Brake firmly when you notice a deer in or near your path, but stay in your lane. Many serious crashes occur when drivers swerve to avoid a deer and hit another vehicle or lose control of their cars. Also, from an insurance perspective you are taking control of the situation and should you loose control or strike another’s property, you are held responsible (At-Fault) and will need to file on your Collision coverage vs if you hit the animal it is considered to be NOT at-fault and claimed on your Comprehensive Coverage.

Devices not proven effective

Do not rely on devices such as deer whistles, deer fences and reflectors to deter deer. These devices have not proven effective.

Source: Insurance Information Institute and Insurance Institute for Highway Safety


Sometimes you can do everything right and still end up hitting a deer. Don’t feel bad in Georgia you have a 1 in 134 chance of hitting a deer according to a study by UGA. If you do find yourself in this situation here are some helpful hints.


Move your vehicle

Move your vehicle off the road, if possible, and turn on your hazard lights.

Call the police

They can make sure traffic gets stopped, if needed, and take down information for your insurance claim.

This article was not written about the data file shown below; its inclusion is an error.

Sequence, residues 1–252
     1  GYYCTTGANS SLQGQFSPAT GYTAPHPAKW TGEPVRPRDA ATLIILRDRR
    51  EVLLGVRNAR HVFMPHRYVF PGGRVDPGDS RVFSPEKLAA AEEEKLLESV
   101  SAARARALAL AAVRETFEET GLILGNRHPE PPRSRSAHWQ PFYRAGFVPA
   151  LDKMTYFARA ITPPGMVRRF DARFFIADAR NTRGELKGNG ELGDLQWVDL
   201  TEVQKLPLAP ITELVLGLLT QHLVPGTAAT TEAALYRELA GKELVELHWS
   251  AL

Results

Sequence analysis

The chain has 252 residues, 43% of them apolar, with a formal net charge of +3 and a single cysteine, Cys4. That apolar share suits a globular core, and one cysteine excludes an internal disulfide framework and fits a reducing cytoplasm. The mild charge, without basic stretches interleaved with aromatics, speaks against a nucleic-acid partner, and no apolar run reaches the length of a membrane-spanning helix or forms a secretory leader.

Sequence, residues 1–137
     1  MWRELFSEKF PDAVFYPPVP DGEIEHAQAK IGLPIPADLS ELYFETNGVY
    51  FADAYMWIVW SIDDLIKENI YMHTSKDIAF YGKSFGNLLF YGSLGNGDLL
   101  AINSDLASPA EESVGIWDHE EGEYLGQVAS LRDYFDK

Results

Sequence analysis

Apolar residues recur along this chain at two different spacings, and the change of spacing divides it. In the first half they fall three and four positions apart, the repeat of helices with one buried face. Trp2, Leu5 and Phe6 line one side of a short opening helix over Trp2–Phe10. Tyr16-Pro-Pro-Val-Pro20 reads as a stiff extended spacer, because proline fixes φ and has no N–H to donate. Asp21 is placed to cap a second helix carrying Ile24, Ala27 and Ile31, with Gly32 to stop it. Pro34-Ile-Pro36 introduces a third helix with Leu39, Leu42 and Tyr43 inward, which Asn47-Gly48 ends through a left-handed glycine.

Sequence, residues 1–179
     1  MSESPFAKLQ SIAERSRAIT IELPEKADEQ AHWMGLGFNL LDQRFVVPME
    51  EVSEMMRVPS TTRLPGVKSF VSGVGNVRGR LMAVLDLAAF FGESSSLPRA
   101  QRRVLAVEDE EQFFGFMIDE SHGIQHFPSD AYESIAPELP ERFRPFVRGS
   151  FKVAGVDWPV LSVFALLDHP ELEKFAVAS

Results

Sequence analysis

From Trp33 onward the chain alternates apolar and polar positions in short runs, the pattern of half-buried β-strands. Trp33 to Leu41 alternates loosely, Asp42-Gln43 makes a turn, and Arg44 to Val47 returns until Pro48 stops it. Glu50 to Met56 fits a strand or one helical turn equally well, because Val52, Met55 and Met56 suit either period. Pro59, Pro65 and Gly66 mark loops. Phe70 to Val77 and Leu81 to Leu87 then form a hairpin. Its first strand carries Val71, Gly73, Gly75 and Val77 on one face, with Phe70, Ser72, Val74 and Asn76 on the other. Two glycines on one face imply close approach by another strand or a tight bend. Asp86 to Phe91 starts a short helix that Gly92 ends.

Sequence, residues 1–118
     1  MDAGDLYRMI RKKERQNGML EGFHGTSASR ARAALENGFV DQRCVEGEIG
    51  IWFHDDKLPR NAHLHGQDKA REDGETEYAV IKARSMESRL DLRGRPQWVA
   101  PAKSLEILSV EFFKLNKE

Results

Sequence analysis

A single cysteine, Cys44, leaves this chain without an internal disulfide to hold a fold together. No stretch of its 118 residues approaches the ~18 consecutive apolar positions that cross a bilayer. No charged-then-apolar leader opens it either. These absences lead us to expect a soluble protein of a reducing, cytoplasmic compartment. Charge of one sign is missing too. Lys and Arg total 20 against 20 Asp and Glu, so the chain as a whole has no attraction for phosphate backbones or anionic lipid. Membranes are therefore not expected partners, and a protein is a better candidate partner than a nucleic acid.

Don’t touch the animal

It could be carrying disease, or if it’s still alive, it could get scared and hurt you.

Document the incident

Take photos of everything — the deer, your car, any injuries to you or your passengers. You should also get contact information from any witnesses who saw the crash.

Contact Us!

Call to start the claims process ASAP! 855-432-2567 or 855 GFB-CLMS.




Summer storms can cause major damage!

One of the biggest dangers from thunderstorms is flying debris caused by high winds that can damage buildings and endanger people. Take a look around your home or business and make these improvements to reduce your risk:

  • Replace gravel/rock landscaping materials and walkways with a softer material, such as mulch or dirt. During particularly strong hurricanes, gravel has been found in mail boxes and has even shredded vinyl siding.
  • Trim trees and shrubbery away from buildings and remove any weakened sections of trees that might easily break off and fall onto buildings. Review IBHS’ Reducing Tree Damage guide to learn how to identify common problems, how to prune before a storm, and what to do with storm-damaged trees.